THEATER The premise of Bay Area playwright Lauren Gunderson's latest, The Taming (not to be confused with her other latest, I and You, running more or less simultaneously at Marin Theatre Company), felt riotously germane on opening night, less than a week into the recent shutdown of the federal government. But only at first.
With a vague nod to Shakespeare's Taming of the Shrew, this ultimately superficial but consistently witty and rapid-fire political farce takes place in a Washington, DC, hotel room, where a crazed but seriously intelligent, professionally charming Miss America contestant named Katherine, aka Miss Georgia (a superlative Kathryn Zdan), holds hostage two political animals, one liberal and one conservative, while she tries to talk them into helping her bring about a new constitutional convention.
This Southern Liberty Belle is incensed by the status quo and aims at serious reform, seeing nothing short of a new constitution as the way past the political intransigence keeping America from living up to the vision of its Founding Fathers — especially the Constitution's principal author, James Madison — as she understands it. And she's willing to go to extreme lengths to see it happen, including drugging her captives and, worse, hiding their cellphones.
Initially, of course, her hostages will have none of it. They immediately wage a rapid-fire quip-war in which the usual stereotypes become so many grenades lobbed at either side of the room and the political aisle.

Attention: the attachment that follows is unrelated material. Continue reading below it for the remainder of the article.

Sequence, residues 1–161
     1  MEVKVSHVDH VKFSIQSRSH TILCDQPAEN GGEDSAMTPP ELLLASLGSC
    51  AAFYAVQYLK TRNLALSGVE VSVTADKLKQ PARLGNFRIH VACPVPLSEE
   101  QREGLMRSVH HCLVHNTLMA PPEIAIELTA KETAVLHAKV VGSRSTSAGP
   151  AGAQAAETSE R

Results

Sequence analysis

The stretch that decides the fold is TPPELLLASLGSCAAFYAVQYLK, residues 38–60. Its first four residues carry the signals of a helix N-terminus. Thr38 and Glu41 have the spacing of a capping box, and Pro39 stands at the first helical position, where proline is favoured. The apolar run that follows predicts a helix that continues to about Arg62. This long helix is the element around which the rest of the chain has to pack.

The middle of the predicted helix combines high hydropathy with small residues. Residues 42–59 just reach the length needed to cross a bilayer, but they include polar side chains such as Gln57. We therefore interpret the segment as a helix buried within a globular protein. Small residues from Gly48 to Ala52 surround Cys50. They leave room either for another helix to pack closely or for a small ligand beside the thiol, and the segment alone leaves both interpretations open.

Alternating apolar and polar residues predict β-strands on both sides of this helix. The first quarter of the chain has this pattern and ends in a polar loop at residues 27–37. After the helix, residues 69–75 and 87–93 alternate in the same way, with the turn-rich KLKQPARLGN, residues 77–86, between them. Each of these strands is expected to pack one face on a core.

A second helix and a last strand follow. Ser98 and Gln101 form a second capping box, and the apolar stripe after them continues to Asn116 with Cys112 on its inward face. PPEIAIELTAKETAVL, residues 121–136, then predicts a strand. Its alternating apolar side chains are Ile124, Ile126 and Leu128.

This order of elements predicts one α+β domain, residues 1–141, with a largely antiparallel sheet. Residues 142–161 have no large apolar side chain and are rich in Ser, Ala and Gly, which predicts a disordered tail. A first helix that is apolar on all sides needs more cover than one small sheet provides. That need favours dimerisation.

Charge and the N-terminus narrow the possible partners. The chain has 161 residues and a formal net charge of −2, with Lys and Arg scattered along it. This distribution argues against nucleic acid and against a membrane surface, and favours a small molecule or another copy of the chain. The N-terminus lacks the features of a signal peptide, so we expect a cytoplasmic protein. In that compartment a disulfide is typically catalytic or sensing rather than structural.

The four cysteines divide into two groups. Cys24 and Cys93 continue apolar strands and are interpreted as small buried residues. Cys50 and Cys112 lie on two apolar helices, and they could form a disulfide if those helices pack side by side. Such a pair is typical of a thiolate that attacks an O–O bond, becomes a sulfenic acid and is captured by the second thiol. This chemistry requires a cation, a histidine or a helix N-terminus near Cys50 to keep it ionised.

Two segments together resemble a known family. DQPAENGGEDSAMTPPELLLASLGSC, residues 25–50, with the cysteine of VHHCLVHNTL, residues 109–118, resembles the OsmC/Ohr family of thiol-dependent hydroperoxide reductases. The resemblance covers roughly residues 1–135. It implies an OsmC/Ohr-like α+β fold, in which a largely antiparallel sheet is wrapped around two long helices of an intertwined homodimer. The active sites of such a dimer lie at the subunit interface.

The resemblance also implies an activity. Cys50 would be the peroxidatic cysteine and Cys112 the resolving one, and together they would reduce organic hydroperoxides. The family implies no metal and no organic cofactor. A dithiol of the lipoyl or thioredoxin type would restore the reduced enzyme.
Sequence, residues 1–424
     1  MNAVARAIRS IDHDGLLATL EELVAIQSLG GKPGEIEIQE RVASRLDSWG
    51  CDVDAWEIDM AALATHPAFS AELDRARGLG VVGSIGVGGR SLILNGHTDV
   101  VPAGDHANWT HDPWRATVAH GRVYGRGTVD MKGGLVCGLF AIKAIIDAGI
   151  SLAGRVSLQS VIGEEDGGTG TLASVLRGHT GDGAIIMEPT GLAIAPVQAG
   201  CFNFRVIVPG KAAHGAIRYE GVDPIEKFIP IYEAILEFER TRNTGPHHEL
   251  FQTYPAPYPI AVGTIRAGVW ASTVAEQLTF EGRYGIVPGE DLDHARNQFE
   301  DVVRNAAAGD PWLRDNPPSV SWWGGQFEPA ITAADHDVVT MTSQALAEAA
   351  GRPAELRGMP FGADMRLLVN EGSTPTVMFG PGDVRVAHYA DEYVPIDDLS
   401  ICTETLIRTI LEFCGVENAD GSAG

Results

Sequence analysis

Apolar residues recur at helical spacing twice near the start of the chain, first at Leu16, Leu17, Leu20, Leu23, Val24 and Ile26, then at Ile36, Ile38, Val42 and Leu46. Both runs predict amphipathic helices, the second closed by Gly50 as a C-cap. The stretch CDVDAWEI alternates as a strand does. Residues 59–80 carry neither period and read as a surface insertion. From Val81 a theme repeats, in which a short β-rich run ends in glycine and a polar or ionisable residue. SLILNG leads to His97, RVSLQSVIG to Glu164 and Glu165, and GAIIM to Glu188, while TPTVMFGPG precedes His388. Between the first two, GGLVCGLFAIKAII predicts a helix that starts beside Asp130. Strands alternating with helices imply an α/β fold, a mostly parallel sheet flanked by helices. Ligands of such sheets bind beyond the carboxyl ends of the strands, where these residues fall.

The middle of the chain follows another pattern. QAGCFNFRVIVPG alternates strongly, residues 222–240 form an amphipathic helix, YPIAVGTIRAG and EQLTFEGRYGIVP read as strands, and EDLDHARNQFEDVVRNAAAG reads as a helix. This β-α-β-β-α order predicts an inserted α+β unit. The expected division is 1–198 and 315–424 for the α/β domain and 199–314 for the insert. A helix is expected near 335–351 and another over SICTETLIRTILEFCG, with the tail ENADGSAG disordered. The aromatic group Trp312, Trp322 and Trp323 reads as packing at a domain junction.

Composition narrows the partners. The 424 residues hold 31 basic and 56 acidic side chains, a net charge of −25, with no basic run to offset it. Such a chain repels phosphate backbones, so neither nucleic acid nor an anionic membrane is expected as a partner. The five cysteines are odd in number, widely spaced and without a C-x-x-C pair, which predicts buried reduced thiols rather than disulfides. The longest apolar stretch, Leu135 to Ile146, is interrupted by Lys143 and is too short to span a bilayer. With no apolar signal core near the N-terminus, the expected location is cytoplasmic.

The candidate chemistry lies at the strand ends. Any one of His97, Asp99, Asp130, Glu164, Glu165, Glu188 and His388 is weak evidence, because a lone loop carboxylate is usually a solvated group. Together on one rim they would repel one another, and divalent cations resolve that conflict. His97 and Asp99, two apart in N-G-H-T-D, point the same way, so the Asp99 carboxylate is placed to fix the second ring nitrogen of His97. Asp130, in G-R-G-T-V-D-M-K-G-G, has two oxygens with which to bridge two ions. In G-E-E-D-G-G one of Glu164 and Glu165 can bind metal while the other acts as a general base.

Bianca (Marilet Martinez) is a liberal blogger in braids, leggings, and hipster hat whose hatred of Republicans is matched by her passionate commitment to the salvation of a tiny, endangered mammal known as the North American Great Pygmy Panda Shrew — a veritable dog pile of qualifiers half-burying the allusion there to Shakespeare's "taming" play.
Her Republican counterpart, Patricia (Marilee Talkington), is aid and brain to a powerful far-right senator from the South, predictably dim-witted and obsessively predatory on his nubile young interns. Her problems are initially geared to managing her loose cannon of a boss. "What if he actually says what he means? What if CNN asks him to spell something?" But soon we discover that Patricia's passion lies in the legislation she has devoted her professional life to seeing come to life. It's actually a jobs bill, in her fashioning, thus pitting ordinary American workers against Bianca's furry charges in the political melee. Interestingly, the Republican character comes across as the more reasonable of the two.
A dream sequence returns all three to the good old days, 1789, for a brush with Washington and Madison, played amusingly as just two dudes with power in early America, as well as Martha and Dolly, forces in their own right if not always in their right mind. The gender confusion and the erotic charge between the characters throughout (especially, per the Bard's original, Katherine and Patricia) adds a subversive sexual politics to the proceedings that makes for some interesting dynamics and reflections, if nothing too radical finally.